Marvellously it is gesture—particularly the hands—which provides the truly magical moments: Caine is completely believable as a conductor—don’t miss the Alpine symphony, which brings a whole new meaning to “pastorale” and a very young masseuse who assuredly lets her fingers do the talking in painstakingly, lovingly rendered touch.
By journey’s end as the “Simple Songs” are launched, David Lang’s original score lives up to both the simplicity of art and the innocence of youth still to be found in us all, if only we'd care to look and allow it to take stage.
Me and Earl and the Dying Girl
If only we all cared as much
Less than 24 hours after finishing Kazuo Ishiguro’s fanciful novel of purposely harvesting young human organs (Never Let Me Go), a viewing of Gomez-Rejon’s masterfully crafted film of three disparate youths suddenly bound together by the ravages of cancer seemed to be the next logical chapter in understanding just what real compassion and caring looks like.
Novelist Jesse Andrews (who also wrote the screenplay) has a compelling empathy and understanding of teenagers—their foibles, self doubts, insecurity and fierce loyalty all coming into play as his characters look death in the face, far too soon for any life.
Thomas Mann delivers a superb performance as Greg, showing a range of emotion and savvy knack for artfully utilizing an actor’s special friend: silence. His narration easily lets the drama unfold; his scene of regret will remain in memory for a long time to come. His future looks bright indeed.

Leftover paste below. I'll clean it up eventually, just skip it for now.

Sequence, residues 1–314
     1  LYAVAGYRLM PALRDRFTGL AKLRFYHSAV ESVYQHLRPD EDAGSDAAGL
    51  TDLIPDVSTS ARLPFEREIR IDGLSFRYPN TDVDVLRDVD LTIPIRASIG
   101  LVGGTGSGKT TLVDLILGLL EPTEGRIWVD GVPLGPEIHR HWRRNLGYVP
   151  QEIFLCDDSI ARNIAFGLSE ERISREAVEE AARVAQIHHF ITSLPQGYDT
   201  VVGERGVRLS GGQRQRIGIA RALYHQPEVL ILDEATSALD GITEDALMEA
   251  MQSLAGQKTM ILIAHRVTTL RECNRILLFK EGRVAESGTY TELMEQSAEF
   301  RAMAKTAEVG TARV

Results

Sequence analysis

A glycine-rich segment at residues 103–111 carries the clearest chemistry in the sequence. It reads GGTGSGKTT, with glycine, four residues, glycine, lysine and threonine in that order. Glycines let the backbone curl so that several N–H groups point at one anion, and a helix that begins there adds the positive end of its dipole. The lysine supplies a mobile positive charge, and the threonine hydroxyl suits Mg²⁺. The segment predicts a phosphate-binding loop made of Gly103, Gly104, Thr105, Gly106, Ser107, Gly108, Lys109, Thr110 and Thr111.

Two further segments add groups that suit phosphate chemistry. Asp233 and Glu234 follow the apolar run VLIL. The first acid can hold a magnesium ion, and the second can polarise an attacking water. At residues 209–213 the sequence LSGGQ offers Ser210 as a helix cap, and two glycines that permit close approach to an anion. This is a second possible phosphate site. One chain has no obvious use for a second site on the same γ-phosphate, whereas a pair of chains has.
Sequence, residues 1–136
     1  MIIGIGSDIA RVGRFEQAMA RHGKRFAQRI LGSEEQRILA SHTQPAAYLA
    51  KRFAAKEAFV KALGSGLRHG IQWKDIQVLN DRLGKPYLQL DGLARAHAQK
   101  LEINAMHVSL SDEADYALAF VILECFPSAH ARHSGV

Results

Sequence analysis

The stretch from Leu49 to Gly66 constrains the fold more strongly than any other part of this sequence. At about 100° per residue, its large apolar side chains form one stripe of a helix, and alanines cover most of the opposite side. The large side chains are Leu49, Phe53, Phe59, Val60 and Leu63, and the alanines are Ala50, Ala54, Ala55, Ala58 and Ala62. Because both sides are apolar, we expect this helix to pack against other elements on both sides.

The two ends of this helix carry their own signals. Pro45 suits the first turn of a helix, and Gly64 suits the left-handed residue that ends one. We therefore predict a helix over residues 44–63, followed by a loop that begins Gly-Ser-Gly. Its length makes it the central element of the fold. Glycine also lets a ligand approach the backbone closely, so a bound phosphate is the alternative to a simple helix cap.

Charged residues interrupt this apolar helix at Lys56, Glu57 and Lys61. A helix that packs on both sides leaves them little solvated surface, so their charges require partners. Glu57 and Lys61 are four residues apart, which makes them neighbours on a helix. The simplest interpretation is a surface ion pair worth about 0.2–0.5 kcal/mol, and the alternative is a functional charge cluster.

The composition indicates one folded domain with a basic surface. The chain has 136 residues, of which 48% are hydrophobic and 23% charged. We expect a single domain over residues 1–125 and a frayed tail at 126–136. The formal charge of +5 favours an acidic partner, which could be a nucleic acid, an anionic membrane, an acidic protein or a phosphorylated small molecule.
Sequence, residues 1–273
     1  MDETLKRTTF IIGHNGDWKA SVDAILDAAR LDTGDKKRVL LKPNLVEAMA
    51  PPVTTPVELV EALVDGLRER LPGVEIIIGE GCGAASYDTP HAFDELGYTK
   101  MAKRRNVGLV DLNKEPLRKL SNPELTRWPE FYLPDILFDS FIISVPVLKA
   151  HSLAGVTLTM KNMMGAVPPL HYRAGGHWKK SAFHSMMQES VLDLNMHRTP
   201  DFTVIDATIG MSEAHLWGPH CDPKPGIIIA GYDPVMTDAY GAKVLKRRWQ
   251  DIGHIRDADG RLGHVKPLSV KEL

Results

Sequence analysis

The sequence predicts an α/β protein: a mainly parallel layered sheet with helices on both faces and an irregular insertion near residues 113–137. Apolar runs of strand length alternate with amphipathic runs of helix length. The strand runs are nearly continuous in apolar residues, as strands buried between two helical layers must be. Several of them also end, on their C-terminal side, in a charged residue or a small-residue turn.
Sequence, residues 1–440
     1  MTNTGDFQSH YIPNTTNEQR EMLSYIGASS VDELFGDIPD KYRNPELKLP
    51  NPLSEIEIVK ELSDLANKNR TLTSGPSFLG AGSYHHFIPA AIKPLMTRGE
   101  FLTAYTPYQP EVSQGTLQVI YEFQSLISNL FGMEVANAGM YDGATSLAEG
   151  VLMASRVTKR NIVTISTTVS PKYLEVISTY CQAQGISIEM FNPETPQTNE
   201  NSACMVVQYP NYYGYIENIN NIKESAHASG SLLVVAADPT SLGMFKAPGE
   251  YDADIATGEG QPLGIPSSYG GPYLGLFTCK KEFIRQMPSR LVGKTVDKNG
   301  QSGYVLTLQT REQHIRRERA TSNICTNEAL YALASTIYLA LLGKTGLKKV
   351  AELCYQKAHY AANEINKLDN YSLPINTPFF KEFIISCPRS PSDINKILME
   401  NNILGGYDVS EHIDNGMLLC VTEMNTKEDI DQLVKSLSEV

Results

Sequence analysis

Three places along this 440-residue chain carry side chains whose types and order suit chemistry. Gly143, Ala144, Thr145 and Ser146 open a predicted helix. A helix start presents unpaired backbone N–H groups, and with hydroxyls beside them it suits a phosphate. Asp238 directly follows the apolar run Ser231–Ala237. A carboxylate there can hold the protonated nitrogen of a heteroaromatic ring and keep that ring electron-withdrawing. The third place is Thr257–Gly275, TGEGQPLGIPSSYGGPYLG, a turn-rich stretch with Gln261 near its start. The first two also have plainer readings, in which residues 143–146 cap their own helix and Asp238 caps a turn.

Playing Rachel, the dying girl, Olivia Cooke finds just the right mix of fear, humour, resignation and determination to convince (the makeup and hair department supporting her deterioration with, sadly, complete realism). Her moment of “you don’t understand, you don’t have cancer,” immediately rekindled Ishiguro’s “donors” Tommy and Ruth when they rail against their carer and—in Tommy’s case—sometime lover: all three needing these moments to uncategorically bemoan their fates in the presence of others far healthier. Letting that built-up anger out—with a witness—does a great psychological service to those who know, more or less, when their days are finished.
Greg’s best friend, and, eventually confidante of Rachel, is in the very capable hands of RJ Cyler, who acts as the catalyst for the three amigos.
The supporting cast (a collection of well-meaning parents, along with quirky students and staff—notably Molly Shannon as Rachel’s wine swigging, single mom, Denise and Jon Bernthal’s take on totally with it science teacher, Mr. McCarthy) all make their points but never upstage the three principals.
The music from Brian Eno and Nico Muhly deliciously pizzicato-rich is ideally supplemented from classical gems, adding much colour to the production even as the animation department serves up a feast for the eyes whenever required.
Here’s to more from Gomez-Rejon—like his leading players and crew, this production fires on all cylinders and is well worth an encore. JWR